In-Home Wireless Device Captures Gait Speed Changes in Parkinson Disease

An in-home wireless radio device that measures movement and gait may better track disease progression and treatment response in patients with PD.

A novel in-home wireless radio device successfully monitors movement and gait speed, which can help assess disease severity, progression, and medication response in patients with Parkinson disease (PD), according to findings published in Science Translational Medicine.

The assessment of the clinical progression of PD and the effect of medications on symptoms is vital for drug development and providing medical care. However, as many as 40% of patients with PD have rarely seen a neurologist or a specialist since most PD specialists tend to be concentrated in urban areas. This limits the ability to travel for patients who may live in rural areas, have limited mobility, a decreased driving ability, impaired cognition, or are of older age. Therefore, it is essential to have a method that objectively, accurately, and continuously assesses PD at home.

For the study, researchers sought to evaluate the accuracy of an in-home wireless radio device that assesses PD severity, progression, and medication response at home, in an objective manner.

Researchers conducted a 2-part observational study at Boston University and University of Rochester in the United States. The first part of the study involved an observational period of 8 weeks. The second part is an ongoing the 2-year, longitudinal substudy funded by the National Institutes of Health (NIH).

This indicates that in-home and in-clinic gait measurements can play a complementary role in PD assessment.

A radio device installed in patients’ homes emitted wireless radio signals, gathered  reflected radio waves as they bounced off a person’s body, and analyzed walking movements and trajectories allowing calculation of gait speed.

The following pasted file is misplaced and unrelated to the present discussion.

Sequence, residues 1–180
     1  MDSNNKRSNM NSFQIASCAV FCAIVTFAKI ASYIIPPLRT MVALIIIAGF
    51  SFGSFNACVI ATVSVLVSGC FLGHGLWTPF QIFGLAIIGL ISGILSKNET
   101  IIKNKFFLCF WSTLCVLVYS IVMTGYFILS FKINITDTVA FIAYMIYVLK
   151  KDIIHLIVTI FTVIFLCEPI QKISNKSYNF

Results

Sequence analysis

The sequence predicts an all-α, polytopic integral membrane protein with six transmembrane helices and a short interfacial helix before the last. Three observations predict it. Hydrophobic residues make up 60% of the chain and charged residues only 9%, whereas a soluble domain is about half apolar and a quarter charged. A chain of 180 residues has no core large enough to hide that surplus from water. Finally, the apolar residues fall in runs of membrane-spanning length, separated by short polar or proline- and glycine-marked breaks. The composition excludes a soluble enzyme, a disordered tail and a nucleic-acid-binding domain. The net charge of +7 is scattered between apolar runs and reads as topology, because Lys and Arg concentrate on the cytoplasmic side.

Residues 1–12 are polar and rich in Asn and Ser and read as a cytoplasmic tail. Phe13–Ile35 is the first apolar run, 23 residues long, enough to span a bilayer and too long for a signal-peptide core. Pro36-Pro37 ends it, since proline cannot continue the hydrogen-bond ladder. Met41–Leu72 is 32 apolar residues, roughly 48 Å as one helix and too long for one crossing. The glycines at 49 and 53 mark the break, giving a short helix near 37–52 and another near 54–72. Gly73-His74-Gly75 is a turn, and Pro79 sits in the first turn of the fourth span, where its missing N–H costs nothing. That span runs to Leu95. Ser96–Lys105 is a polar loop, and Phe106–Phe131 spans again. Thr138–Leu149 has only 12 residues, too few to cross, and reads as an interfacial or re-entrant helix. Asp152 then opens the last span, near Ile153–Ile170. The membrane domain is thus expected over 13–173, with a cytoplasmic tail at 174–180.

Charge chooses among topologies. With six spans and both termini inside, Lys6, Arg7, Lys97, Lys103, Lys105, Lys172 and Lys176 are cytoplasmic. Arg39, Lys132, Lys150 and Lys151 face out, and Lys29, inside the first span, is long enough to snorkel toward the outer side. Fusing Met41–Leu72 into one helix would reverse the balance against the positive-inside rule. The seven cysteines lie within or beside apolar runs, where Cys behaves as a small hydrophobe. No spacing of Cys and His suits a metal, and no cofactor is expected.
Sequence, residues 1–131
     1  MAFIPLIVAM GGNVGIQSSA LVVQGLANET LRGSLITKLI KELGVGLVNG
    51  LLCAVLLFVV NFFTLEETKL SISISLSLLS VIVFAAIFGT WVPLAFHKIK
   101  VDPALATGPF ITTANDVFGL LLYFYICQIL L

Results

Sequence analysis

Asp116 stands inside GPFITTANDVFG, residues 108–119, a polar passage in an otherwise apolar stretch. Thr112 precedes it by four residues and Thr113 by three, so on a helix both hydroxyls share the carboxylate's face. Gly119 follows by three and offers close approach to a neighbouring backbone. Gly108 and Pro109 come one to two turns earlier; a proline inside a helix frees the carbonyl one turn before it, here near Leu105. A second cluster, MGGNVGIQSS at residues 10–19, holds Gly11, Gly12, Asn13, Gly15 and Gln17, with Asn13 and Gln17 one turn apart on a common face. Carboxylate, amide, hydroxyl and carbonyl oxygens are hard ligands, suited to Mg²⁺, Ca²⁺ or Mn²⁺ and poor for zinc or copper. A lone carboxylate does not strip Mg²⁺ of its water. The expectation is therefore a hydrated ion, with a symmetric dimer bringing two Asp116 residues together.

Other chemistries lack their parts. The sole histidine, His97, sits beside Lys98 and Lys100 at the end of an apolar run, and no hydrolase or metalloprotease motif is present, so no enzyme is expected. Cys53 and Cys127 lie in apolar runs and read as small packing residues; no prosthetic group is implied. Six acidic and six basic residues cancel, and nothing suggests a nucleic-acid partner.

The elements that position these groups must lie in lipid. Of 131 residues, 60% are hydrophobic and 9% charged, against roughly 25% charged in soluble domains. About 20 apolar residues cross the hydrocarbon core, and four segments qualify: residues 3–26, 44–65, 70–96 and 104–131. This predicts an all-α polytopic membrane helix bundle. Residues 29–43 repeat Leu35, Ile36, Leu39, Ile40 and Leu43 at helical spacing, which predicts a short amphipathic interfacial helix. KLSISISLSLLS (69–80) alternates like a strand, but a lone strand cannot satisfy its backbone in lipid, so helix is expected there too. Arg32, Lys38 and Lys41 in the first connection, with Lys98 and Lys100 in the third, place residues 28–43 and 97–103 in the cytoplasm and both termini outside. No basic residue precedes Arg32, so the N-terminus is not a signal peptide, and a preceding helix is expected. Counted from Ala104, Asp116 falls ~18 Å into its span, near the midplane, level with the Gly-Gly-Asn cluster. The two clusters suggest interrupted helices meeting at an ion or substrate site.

The researchers compared 34 patients with PD (mean age, 69.4 years; 26% women) with 16 age-matched people without primary or secondary PD in the control group. Approximately 40% underwent the 8-week observation period, while the remainder are receiving ongoing monitoring up to 1 year in the longitudinal study.

In-home gait speed strongly correlated with PD severity according to the gold-standard PD assessment, the Movement Disorder Society’s Unified Parkinson’s Disease Rating Scale (MDS-UPDRS) part III subscores (P <.001), and total scores (P <.001).

After 1 year of monitoring, gait speed of the patients with PD declined at a rate of -0.026 m/s (95% CI, -0.034 to -0.019; P <.001), while those in the control group demonstrated a rate of gait speed decline of -0.015 m/s (95% CI, -0.025 to -0.004); P =.007). This indicated slower gait speeds due to the aging process regardless of the presence of PD.

Nevertheless, the gait speed of those with PD deteriorated almost twice as fast as those without PD, indicating a positive correlation between PD disease progression and declining gait speed.

After 3 to 5 years of levodopa treatment, patients with PD experience motor fluctuations characterized by the “ON-OFF” effect, suggestive of altered response to medication. The researchers compared the patients’ self-reported daily “ON-OFF” states to gait speed as detected by the radio device.

Fluctuations in gait speed correlated with the timing of levodopa administration with gait speed deteriorating 1 to 2 hours following medication administration. This indicated a wearing off of the medication. Adjustments to medication plans resulted in changes to gait speed throughout the day.

“Our study provides important insight into medication response and the relationship between PD motor function status and in-home gait speed,” the researchers noted.

They added, “This indicates that in-home and in-clinic gait measurements can play a complementary role in PD assessment.”

Study limitations included the small sample size, the monitoring only of a limited space within range of the device in the patient’s home, and the dependence of the radio device’s accuracy on self-reported patient outcome measures and the gold standard PD assessment ratings. Additionally, other limitations included lack of consideration for other comorbid conditions causing decline in gait speed, and lack of assessment for other concerns within PD mobility, such as falls and freezing episodes, which the radio device might detect.

Disclosure: One study author declared affiliations with biotech, pharmaceutical, and/or device companies. Please see the original reference for a full list of authors’ disclosures.


Liu Y, Zhang G, Tarolli CG, et al. Monitoring gait at home with radio waves in Parkinson’s disease: a marker of severity, progression, and medication response. Sci Transl Med. Published online September 21, 2022. doi:10.1126/scitranslmed.adc9669